Learning music is extremely beneficial to the development of a child’s brain, but hiring a teacher can often be too much pressure and a financial commitment and at home instructionals such as books or videos are often confusing and unhelpful. Illuminote makes learning instruments more affordable and accessible than ever. It offers visual aid to its users, helping them learn from their own flute and not from a book or video. Illuminote allows you to physically see which notes you need to play on the flute by turning certain lights on to indicate which keys to press and changing as they are pushed down. Additionally, the user is also given careful instructions on their computer, instructing them how to play, when to play, and what note they are playing. Often times, people who want to learn how to the flute can feel pressured by lessons or teachers, and Illuminote provides an option to learn stress-free, at home without any commitment or pressure. Financially affordable and made for home use, the Illuminote offers a new way to learn music that has never before been made for the flute.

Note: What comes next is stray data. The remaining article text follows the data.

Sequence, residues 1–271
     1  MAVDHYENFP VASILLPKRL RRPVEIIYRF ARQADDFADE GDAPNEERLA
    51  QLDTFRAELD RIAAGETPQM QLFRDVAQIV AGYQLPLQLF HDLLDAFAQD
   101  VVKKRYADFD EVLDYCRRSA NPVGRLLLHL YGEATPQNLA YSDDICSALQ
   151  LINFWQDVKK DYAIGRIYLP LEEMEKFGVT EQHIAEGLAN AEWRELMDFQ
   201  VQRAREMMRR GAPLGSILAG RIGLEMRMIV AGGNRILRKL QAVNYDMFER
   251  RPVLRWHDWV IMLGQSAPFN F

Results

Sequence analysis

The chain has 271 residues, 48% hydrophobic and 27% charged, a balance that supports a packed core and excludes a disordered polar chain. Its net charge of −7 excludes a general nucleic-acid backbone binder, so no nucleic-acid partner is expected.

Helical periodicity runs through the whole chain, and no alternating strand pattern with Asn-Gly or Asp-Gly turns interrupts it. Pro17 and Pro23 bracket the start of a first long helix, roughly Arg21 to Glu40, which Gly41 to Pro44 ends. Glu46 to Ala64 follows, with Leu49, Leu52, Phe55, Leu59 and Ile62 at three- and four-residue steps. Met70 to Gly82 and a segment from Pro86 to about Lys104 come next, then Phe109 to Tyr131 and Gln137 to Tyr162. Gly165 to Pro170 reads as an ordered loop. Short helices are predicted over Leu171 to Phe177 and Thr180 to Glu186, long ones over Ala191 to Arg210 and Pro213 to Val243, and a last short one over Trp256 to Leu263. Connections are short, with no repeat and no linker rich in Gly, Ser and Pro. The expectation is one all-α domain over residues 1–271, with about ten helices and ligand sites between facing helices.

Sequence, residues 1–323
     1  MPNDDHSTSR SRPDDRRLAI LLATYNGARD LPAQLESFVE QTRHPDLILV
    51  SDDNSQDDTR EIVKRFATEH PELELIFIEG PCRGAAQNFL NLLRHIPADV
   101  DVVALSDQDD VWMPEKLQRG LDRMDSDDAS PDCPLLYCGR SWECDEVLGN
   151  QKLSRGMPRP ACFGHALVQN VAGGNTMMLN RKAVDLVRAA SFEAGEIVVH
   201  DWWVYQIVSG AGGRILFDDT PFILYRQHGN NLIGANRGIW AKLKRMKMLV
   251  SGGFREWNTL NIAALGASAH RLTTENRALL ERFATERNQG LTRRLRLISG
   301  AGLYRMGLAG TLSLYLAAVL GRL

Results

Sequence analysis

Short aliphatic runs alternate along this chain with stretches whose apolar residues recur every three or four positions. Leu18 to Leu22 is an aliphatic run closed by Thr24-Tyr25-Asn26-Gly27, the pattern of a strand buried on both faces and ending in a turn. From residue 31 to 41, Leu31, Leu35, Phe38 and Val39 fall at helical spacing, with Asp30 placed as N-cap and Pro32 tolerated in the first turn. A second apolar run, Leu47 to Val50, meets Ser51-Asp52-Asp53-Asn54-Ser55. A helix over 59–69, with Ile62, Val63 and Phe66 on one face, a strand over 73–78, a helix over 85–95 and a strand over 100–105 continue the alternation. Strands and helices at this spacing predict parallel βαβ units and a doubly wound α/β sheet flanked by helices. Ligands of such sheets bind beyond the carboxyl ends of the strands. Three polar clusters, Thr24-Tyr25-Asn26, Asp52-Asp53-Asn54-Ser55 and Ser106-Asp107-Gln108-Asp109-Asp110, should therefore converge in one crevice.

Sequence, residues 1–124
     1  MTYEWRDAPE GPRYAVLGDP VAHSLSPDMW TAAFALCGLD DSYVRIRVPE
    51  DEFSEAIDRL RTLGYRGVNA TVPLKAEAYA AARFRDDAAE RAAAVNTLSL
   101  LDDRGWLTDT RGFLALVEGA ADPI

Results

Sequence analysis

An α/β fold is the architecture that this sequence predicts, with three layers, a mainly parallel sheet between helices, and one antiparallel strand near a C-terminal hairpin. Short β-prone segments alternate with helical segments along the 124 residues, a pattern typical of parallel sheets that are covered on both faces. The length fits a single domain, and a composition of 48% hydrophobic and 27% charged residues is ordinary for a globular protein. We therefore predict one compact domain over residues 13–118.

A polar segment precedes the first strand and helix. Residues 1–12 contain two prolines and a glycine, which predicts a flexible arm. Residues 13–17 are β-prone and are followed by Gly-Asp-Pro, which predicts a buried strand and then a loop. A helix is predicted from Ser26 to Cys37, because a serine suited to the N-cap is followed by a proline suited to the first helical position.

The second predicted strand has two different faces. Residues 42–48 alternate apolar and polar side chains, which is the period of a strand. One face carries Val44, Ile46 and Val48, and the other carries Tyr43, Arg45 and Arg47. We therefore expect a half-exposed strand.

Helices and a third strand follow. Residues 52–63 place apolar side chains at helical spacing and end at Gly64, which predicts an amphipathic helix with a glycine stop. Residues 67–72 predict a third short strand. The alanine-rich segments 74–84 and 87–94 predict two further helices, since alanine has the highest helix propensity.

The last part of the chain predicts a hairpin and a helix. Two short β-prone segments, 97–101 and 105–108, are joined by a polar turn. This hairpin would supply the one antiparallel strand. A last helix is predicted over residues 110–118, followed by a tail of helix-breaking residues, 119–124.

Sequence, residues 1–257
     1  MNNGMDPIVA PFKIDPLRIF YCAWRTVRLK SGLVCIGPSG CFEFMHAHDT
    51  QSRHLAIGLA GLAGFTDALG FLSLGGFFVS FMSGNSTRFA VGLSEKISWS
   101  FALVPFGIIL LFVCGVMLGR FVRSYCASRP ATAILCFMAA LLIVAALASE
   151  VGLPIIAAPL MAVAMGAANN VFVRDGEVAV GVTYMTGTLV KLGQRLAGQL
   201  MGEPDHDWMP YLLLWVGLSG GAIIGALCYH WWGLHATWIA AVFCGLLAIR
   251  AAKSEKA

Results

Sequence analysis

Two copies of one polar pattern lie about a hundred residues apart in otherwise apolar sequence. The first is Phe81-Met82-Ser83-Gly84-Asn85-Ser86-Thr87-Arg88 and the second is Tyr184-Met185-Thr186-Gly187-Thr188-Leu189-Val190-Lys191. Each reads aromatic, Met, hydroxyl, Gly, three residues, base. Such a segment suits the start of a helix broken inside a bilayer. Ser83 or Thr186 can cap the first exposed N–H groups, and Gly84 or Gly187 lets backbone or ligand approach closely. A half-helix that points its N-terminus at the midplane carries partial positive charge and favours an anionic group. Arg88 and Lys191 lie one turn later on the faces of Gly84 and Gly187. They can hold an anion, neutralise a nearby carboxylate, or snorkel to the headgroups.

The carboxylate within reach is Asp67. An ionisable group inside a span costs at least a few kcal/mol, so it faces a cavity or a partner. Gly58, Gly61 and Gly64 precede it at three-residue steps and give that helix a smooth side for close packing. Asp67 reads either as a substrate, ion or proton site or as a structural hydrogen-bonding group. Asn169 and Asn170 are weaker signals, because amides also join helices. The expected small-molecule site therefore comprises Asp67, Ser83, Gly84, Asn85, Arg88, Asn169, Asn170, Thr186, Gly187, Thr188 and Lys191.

"With a few changes, this concept can be applied to many other wind instruments, such as the oboe, clarinet, or saxophone which will expand our marketability and increase our products potential."
In order to implement Illuminote, we used C++ to code our Arduino, which is a microcontroller based kit for building digital devices and interactive objects that can sense and control the physical world.First, we made sure to create fully functioning code that worked with the touch sensors and LEDs while still attached to the breadboard. From there, we had to get them off the breadboard by stripping wires and attaching them to the sensors and LEDs. After careful attachment and several rolls of electrical tape, we had a fully functioning flute with attached LEDs and touch sensors that enabled the user to learn new notes.
Organization: Girls Who Code
Student: Amanda Xu
Project Team Members: Megan Ferrara (12th grade), Katie Summers (12th grade), Danya Baron (11th grade)
Type of Work: Hardware
Location: Boston - Microsoft
Grade: 11th Grade
Year Created: 2015
Girls Who Code aims to provide computer science education and exposure to 1 million young women by 2020. Make a donation today to help fund future programs.
Donate now »